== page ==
An ecologist, engineer, and science writer, Spencer Roberts exposes corporate science propaganda and greenwashing. His degrees from University of Colorado Boulder are in ecology & evolution and in atmospheric & ocean science. Several of his essays for Wired, Jacobin, Current Affairs, and The Ecologist scrutinize the animal agriculture and seafood industries. In this interview, Daniel Fischer asked Roberts about the connections between veganism, decolonization, and socialism. Even if you disagree with certain points (“for example,” says Fischer, “I take a more precautionary approach toward biotechnology and am more hopeful about scaling up veganic agroecology”), you may find much value, as Fischer and others have, in Roberts’s arguments for a socially just transition away from animal agriculture and wildlife extraction.
Daniel Fischer: You sometimes publish as “Unpopular Science.” Explain.
Spencer Roberts: “Unpopular Science” is what I call my blog and twitter. It’s sort of like an antidote to pop science, which in my opinion has done a lot of damage to science communication. Pop science is all about inside jokes, reprimanding skeptics, sometimes even promoting products. I like to write about unpopular truths, science corruption, greenwashing.
DF: Abolishing animal agriculture would liberate some three-quarters of agricultural land, which could then be returned to Indigenous peoples and used for carbon sequestration and ecological restoration. Why, then, do many leftists push back against veganism and animal liberation?
SR: Cognitive dissonance, of course. It’s not as if all of those solutions would take shape simply by virtue of transitioning away from animal agriculture, but it’s also not as if they could occur at meaningful scale without doing so. It’s important to understand that animal agriculture exists in a context of many other intertwined systems of oppression. While animal rights advocates may oversimplify this at times, deflecting or attacking them for such is a coping mechanism to avoid examining our behavior toward other animals. I don’t think it needs to be psychoanalyzed beyond that.
DF: What are some of the social reasons for the spread of zoonotic disease, and what’s the role of animal agriculture specifically?
SR: Zoonotic disease emergence is driven by two main factors: habitat destruction and intensive animal breeding. Given that animal farming is a primary driver of global habitat destruction (occupying more than three quarters of agricultural land), it is safe to say that animal agriculture is the primary root cause of zoonotic epidemics.
A lot of attention was given to wildlife markets after the emergence of SARS-CoV-2, but when we consider the fact that the proximity to capture bats and pangolins was made in large part by burning or clear-cutting forests for pasture or feed crops, we understand the bigger picture. We invest all this money in pandemic preparedness, and we should invest more, but ultimately it’s self-defeating unless we stop investing money in subsidizing animal agriculture.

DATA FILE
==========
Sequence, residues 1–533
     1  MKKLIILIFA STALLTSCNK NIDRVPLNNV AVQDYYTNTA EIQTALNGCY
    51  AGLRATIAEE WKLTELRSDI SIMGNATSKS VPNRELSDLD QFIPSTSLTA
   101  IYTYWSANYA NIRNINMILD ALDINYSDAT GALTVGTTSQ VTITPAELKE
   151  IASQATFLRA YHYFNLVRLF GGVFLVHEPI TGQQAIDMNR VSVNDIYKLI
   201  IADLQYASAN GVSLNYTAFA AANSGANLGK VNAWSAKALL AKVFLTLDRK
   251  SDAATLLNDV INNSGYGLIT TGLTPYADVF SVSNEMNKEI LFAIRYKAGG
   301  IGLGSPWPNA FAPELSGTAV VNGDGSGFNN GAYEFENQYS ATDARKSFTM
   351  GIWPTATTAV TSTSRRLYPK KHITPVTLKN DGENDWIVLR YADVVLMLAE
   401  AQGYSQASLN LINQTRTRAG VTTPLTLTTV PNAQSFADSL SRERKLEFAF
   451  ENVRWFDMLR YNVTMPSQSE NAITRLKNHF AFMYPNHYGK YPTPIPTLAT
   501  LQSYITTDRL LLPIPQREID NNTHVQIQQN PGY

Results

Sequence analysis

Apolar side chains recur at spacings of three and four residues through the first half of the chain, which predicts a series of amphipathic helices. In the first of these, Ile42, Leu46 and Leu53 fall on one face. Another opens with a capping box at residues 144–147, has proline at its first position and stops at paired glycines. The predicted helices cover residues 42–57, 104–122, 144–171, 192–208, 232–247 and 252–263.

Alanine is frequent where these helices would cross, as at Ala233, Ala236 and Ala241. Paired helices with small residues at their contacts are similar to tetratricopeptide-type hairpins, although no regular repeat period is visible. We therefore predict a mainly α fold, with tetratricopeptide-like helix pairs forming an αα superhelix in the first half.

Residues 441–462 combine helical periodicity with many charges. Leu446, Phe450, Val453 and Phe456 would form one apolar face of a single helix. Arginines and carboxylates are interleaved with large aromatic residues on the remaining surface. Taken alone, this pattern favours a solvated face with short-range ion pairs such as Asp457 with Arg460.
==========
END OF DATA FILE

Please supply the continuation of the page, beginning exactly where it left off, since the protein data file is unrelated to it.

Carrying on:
DF: How can leftists support animal agriculture’s human victims such as slaughterhouse workers and communities directly suffering from the industry’s pollution and land grabs?
SR: Campaign and vote for policies that protect migrant workers, reform land ownership, and reallocate agricultural subsidies. Donate to litigation and direct action campaigns against agricultural development and labor exploitation. Follow your local UFCW or other meatpacker union chapter and pay attention to the struggles slaughterhouse workers are facing so you can step up when there’s an opportunity. Support projects like Transfarmation and Rancher Advocacy Program that help people transition from animal to plant farming. And of course, you get a choice whether to financially support the industries that exploit them every day. Choose to take collective action and join the boycott. The profits these companies make off your purchases do not affect workers’ wages. If anything, the lower the line speeds, the safer their job is.
DF: How widespread is support for veganism and animal liberation in the Global South and in the North’s communities of color?
SR: In the United States, surveys indicate that people of color are three times more likely to be vegan or vegetarian than white people and that meat consumption rates are steeply correlated with income. On a global scale, the rift between meat consumption rates in low and high-income countries is vast. There is this myth in the Global North that boycotting animal products is expensive, and it doesn’t help that food corporations price gouge new meat substitutes. The reality, however, is that meat and dairy are luxury commodities. There are hundreds of millions of people in the world who don’t eat animals, the vast majority of them in the Global South. In many cultures, in addition to health, environmental, and animal rights concerns, veganism also has a decolonial aspect. Haiti, for instance, is the place where Columbus brought the first cattle to the Western Hemisphere. The use of traditional crops like yams and maize instead of steak and dairy is a very intentional facet of Caribbean and Mayan practices of veganism. White vegans get a lot of media coverage due to the dominance of U.S. media, but the truth is that the animal rights movement was started by Jain monks more than 25 centuries ago.